By B. Lynn Goodwin.
“I love my crazy husband,” says my battle-gray shirt, which is splotched like an artist’s canvas
“I love my crazy wife,” says a similar one that he wears.
We got them on a visit to Padre Island, not far from Corpus Christi, TX, where my husband grew up. The night we purchased them, we also wore them to dinner. Maybe I was grinning self-consciously. More likely I was beaming.
A woman in the bar with dark eyes and curly gray hair nodded as she read them. Her eyes were filled with understanding and approval as she silently toasted us.
“I love those shirts,” said a chic 20-something, whose arm were curled around her boyfriend.
“Marriage is great. You should try it,” my husband told her.
She laughed and looked up at the tall man beside her. “We might do that… someday,” he said.
Back home, we wore them to P.F. Changs for dinner. A woman with a husband and toddler told me, “I love my crazy husband too,” as we walked past her table.
“Isn’t it a great feeling?” I said. I loved being a part of the sisterhood of wives.
A few minutes later, a dark skinned man made eye contact with me and nodded.
A young woman with bushy black hair came up to my husband as we were waiting to pay our parking fee before leaving the garage and said, “That is so cool. How long have you two been married?”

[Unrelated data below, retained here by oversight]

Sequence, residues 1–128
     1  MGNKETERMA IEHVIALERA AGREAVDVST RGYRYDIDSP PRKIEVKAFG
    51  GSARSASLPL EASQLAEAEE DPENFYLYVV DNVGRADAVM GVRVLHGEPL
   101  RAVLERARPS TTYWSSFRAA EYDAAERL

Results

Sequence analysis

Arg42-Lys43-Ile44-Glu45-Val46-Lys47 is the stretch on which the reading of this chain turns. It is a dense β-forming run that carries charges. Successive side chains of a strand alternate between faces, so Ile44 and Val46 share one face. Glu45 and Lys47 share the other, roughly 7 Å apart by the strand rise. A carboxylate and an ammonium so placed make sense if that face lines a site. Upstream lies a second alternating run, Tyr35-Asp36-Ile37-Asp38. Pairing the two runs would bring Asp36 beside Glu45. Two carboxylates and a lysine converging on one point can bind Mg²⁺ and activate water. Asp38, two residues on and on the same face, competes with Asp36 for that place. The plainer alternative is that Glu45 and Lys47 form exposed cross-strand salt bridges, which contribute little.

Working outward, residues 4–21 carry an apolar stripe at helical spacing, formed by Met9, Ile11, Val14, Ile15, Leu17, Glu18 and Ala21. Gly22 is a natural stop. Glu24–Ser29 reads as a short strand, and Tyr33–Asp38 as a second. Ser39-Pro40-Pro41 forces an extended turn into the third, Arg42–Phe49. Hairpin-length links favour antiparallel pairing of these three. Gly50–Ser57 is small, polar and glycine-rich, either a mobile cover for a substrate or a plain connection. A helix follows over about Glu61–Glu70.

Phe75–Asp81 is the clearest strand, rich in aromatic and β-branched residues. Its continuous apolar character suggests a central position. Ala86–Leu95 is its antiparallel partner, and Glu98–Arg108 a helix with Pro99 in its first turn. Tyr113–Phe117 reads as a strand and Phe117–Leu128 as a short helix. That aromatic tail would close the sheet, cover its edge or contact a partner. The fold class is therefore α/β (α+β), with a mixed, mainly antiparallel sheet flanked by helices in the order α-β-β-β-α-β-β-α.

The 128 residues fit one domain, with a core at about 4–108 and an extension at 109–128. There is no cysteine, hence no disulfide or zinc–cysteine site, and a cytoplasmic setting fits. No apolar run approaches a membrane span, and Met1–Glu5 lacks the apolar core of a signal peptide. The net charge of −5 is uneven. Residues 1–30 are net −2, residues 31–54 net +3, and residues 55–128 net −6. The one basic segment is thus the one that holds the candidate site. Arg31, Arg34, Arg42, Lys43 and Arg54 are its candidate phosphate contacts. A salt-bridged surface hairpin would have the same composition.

I grinned as my husband said, “Six months.” In three more days it will be seven months.
To look at us, you’d never know. He’s been married a total of 44 years and has been a widower twice. I’m a genuine newlywed. I married my first husband when I was over sixty.
We’re an odd couple—unalike in so many ways. He earns his living as an electrical contractor, and he’s also the pastor of a small Free Will Baptist Church. I’m technically retired and I supplement my income in the world of freelance writing and coaching. He fixes my plugs, and I am his walking dictionary.
We met on Craigslist. Most of my friends warned me about the dangers of marrying him so soon. I’d agree, if I didn’t know, on some very basic level, that my husband is both honest and trustworthy. Call us crazy if you want to. We believe craziness is in the eye of the beholder. We’re both in our sixties, so we decided to take a practical approach. If not now, when?
Sometimes life encourages you to take a leap, to step off the cliff and trust. I did that when I married my crazy husband. Our life is busy and exhausting. I wouldn’t trade the things we’ve done, the places we’ve been, and our dreams about the future for anything. I’m having adventures with my crazy husband, and the world delights in the way we show it. Maybe our shirts have inspired a few couples to add a little adventure and sparkle into their lives. I think so, based on the reactions we’ve gotten.
Tell me about your crazy husband, wife, or significant other.
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